In view of the nationwide accounting practice of Touche Ross, the SEC decided that it would be in the public interest to institute a public proceeding and to order a hearing at which Touche Ross would be afforded an opportunity to present a defense to these charges. The Commission then would have been in a position to determine whether the substantive allegations were true and, if so, whether Touche Ross and the individual appellants should be disqualified, either temporarily or permanently, from appearing and practicing before the Commission.
Touche Ross is a partnership of certified public accountants. There are 525 partners and principals, and approximately 4500 other professional employees. The firm has offices located in 37 states.
Rule 2(e)(7) provides that all hearings under Rule 2(e) shall be non-public unless the Commission directs otherwise.
No administrative hearings have ever been held in this case.
On October 12, 1976, Touche Ross commenced the instant action for declaratory and injunctive relief in the Southern District of New York, naming as defendants the Commission and four of its members in their official capacities. By this action, Touche Ross sought a permanent injunction against the on-going administrative proceeding which had been instituted against them by the SEC pursuant to Rule 2(e). Touche Ross also sought a declaratory judgment that Rule 2(e) had been promulgated "without any statutory authority"; that the Rule 2(e) administrative proceeding had been instituted against them "without authority of law"; and, in any event, since the SEC does not constitute an impartial forum for the adjudication of the issues raised in the SEC's Rule 2(e) order, that such administrative proceedings would deny Touche Ross due process of law.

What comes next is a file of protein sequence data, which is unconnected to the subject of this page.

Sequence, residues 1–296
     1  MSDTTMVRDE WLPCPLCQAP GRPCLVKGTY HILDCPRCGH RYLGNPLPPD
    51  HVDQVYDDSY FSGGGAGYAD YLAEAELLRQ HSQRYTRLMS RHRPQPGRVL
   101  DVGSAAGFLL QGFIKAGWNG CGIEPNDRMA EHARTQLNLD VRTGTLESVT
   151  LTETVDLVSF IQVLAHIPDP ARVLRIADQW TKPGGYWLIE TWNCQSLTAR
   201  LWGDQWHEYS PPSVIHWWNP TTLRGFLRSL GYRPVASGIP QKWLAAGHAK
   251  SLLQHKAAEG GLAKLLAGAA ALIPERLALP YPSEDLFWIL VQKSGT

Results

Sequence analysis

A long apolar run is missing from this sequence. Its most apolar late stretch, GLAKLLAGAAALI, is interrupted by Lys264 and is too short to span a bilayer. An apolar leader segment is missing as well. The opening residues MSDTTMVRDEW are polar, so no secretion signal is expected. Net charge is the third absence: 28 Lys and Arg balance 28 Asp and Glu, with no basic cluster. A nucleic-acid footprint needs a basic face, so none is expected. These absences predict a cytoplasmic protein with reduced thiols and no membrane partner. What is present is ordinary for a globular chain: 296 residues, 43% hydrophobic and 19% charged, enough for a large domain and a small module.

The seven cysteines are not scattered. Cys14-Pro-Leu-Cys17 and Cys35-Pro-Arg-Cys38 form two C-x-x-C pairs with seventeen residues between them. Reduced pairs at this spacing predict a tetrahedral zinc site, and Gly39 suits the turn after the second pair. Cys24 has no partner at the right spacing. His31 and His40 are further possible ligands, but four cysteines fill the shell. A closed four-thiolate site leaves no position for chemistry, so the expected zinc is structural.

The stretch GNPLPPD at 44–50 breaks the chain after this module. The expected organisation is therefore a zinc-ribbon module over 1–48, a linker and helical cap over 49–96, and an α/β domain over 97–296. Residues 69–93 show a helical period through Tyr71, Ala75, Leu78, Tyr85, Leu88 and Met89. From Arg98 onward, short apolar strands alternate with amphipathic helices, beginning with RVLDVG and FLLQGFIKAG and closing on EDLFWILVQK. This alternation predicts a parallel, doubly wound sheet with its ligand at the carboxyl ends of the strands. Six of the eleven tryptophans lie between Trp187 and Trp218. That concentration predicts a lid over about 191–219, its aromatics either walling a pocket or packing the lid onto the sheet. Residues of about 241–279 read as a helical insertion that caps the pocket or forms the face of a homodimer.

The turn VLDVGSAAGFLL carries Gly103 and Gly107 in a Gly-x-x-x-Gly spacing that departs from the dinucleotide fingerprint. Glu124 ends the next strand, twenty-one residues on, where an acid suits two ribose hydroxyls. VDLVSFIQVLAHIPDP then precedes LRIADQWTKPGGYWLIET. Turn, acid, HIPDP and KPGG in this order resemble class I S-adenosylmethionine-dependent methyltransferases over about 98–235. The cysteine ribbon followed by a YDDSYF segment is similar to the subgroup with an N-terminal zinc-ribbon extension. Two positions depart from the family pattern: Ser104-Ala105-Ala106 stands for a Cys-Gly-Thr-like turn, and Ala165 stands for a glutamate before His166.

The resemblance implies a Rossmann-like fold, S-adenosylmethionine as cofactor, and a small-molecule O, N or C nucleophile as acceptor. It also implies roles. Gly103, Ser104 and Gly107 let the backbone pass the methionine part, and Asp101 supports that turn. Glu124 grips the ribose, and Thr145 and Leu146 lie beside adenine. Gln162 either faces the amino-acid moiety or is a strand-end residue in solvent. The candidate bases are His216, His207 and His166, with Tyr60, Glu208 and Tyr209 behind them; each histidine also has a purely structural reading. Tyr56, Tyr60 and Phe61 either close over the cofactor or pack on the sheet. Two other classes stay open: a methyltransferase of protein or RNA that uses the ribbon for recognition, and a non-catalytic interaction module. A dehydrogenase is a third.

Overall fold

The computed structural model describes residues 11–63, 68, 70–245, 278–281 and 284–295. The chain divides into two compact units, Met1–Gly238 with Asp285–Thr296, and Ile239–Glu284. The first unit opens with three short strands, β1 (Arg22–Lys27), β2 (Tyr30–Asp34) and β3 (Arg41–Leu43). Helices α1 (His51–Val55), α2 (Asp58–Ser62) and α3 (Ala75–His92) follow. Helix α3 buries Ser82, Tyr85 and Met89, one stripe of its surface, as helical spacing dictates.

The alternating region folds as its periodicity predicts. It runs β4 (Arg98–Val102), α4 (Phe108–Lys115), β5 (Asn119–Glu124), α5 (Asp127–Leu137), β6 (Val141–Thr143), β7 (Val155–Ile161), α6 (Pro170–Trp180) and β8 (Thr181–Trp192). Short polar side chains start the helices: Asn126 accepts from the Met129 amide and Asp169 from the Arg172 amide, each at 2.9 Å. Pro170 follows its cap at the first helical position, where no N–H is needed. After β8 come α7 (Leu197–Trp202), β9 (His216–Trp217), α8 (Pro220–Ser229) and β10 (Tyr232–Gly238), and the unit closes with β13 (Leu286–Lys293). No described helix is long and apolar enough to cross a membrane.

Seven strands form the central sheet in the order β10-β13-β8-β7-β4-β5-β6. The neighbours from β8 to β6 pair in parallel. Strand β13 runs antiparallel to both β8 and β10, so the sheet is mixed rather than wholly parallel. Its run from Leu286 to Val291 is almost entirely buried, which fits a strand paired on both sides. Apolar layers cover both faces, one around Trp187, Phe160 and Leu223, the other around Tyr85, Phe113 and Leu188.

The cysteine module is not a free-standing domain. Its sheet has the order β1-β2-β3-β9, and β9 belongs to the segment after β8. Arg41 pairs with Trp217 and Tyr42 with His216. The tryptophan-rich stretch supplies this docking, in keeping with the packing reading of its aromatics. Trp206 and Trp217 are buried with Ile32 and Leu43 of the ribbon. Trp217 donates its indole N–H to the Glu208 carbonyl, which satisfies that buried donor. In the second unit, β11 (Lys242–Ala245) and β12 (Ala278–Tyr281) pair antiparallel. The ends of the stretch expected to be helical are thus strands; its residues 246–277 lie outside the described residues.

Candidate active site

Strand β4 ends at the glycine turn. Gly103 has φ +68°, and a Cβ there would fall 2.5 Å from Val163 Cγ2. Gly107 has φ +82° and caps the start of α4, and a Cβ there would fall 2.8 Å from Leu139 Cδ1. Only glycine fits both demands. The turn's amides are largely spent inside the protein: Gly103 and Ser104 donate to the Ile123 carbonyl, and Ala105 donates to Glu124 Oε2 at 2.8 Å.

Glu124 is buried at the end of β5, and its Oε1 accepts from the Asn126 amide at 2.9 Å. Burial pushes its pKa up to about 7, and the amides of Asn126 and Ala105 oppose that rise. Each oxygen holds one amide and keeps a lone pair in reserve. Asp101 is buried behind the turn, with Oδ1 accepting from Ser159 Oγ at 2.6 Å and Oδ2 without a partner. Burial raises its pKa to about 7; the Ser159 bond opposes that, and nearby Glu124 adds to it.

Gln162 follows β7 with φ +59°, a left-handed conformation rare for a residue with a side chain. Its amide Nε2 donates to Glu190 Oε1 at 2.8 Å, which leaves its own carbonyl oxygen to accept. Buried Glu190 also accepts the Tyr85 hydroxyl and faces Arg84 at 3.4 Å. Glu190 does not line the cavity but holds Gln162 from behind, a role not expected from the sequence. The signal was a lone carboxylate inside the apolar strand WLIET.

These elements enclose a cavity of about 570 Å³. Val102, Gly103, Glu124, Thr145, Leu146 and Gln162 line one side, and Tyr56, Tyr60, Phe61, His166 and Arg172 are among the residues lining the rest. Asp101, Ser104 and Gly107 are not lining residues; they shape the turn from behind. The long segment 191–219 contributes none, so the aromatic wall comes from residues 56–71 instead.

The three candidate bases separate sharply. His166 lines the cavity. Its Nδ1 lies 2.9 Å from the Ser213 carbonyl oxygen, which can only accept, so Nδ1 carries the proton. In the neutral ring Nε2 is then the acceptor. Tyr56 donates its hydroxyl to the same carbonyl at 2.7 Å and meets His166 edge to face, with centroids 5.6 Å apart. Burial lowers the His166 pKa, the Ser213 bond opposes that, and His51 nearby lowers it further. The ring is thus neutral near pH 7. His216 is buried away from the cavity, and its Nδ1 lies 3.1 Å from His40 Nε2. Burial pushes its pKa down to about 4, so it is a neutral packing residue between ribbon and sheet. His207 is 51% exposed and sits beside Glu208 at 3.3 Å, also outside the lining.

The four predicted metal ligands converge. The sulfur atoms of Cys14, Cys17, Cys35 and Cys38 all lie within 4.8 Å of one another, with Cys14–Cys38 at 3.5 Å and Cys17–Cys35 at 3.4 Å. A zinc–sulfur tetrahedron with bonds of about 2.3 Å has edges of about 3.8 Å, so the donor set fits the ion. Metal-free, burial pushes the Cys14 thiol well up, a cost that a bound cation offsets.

The SEC moved to dismiss the complaint pursuant to Fed.R.Civ.P. 12(b)(6) and 12(b)(1) on the grounds that Touche Ross' complaint failed to state a claim upon which relief could be granted and that the court lacked subject matter jurisdiction over the asserted claims for relief. The crux of the SEC's position in support of its motion to dismiss was that Touche Ross improperly had failed to exhaust administrative remedies.
After a hearing, the district court, Constance B. Motley, District Judge, filed a well-reasoned opinion granting the SEC's motion and ordering that the action be dismissed. [1978 Transfer Binder] Fed.Sec.L.Rep. (CCH) ¶ 96,415 (S.D.N.Y. April 24, 1978). The district court rested its decision on the failure of Touche Ross to exhaust its administrative remedies. It did not reach the substantive question of the validity of Rule 2(e).
The district court succinctly summarized its holding as follows:
"Touche Ross has not shown that its procedural due process rights will be infringed by the SEC's Rule 2(e) proceeding. Nor has it shown that another constitutional right is at stake. Its allegations that the SEC is acting in clear violation of its statutory authority are not supported by precedent. The court finds that there has been no showing of clear abuse of authority by the SEC. Touche Ross has not shown that it will suffer irreparable injury if forced to present its jurisdictional claims to the SEC and then to the reviewing court, in the event of an adverse determination by the SEC.